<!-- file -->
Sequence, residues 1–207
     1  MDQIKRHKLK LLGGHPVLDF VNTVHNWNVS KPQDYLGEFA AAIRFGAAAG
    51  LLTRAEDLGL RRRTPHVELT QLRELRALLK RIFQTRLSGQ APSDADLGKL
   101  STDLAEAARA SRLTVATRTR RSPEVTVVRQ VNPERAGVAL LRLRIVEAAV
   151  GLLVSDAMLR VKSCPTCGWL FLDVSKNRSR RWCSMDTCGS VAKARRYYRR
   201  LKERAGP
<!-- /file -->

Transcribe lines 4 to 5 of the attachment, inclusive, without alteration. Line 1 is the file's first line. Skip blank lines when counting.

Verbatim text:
   101  STDLAEAARA SRLTVATRTR RSPEVTVVRQ VNPERAGVAL LRLRIVEAAV
   151  GLLVSDAMLR VKSCPTCGWL FLDVSKNRSR RWCSMDTCGS VAKARRYYRR